Things are tough in your current job. As an innovator you have a vision of how things could be done so much faster and better. However, your management is not open to change. Worse, while things are stagnant you are missing out on promotions. This way you will be stuck in your current position forever! Does this mean you should quit your job?
Being held back
I hear this a lot. Talented employees that are super frustrated, because they feel that they are being held back unnecessarily. They have a vision for a better future. And would love to get the chance to improve current processes, find new clients that currently are not being served, and go after opportunities that could make the difference between the firm just getting by or flourishing. Yet, their ideas are not being heard or acted upon - because their management is not open to change.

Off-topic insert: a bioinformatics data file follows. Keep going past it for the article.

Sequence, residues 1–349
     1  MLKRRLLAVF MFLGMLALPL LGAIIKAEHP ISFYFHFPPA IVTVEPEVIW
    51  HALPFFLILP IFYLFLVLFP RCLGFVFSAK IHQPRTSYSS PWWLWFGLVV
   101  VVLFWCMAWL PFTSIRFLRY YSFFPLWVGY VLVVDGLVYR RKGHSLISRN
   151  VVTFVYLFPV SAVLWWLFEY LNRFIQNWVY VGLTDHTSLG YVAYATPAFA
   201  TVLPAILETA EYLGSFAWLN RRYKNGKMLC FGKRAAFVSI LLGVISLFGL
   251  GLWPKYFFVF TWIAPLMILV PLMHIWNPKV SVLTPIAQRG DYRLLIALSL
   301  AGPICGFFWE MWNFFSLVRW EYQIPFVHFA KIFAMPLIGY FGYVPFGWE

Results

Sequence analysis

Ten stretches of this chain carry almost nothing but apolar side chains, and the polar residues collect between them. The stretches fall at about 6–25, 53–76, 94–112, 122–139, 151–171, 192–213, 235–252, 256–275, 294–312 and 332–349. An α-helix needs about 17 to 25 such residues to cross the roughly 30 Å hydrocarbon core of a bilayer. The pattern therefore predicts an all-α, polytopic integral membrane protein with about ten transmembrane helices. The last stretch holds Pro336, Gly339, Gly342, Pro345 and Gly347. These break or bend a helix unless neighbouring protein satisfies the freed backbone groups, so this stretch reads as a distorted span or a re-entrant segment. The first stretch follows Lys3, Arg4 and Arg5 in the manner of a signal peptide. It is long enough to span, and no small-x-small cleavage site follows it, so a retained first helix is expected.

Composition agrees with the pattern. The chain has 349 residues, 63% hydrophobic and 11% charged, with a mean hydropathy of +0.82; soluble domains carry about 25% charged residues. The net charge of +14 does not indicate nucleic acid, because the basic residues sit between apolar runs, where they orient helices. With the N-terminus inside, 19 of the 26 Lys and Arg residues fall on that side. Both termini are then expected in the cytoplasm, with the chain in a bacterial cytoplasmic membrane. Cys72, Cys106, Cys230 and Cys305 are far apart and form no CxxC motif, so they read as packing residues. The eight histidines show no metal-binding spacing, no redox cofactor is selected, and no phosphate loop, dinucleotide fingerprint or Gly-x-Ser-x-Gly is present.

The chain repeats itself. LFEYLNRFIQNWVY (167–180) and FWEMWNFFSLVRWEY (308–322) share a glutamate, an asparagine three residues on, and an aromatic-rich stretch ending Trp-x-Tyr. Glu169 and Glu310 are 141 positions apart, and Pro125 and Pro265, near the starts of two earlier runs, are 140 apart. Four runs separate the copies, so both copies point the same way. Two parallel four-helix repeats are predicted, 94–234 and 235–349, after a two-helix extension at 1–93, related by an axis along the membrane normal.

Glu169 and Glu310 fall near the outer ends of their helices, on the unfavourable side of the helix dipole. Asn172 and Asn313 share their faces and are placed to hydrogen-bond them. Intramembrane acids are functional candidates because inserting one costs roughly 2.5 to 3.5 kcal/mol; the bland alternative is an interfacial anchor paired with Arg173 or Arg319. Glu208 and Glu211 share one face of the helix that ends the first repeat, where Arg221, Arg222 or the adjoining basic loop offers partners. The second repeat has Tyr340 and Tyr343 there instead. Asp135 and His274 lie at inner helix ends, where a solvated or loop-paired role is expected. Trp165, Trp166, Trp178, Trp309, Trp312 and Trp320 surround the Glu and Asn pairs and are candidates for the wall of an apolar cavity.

Googling, you will find that these are signals that you may need to quit your job. But should you?
There are advantages of holding on, especially when you are a visionary innovator.
What are your options, other than to quit your job?
As an innovator, you may think that the only path out of this situation is to quit. I hear you!
Trying to convince your management that change is the better option, has proven to be ineffective. Inertia is a seemingly insurmountable hurdle. What is the point in even trying any more?
You may look for a new job at a different firm. However, as you rightfully suspect, the grass always looks greener at the other side. In reality, at a new firm, it is even more difficult to get any change going - unless you are hired to do so - because you don't know many people and they don't know you.
The alternative is to start for yourself and accomplish the change that way.
Starting for yourself
While it may be tempting to quit your job and try to be successful on your own, I would suggest you think twice before you jump ship.
As an innovator, stuck in the role of an employee, it sounds great to be the CEO of a startup. It did to me. But I did not realize that CEO does not stand for Chief Executive Officer in a startup, but for Chief Everything Officer.
When launching your startup, there is no helpdesk to solve your computer problems, no marketing and sales assistance, no legal support to review a contract or address legal issues, or anyone to do the bookkeeping. It will all fall on your shoulders.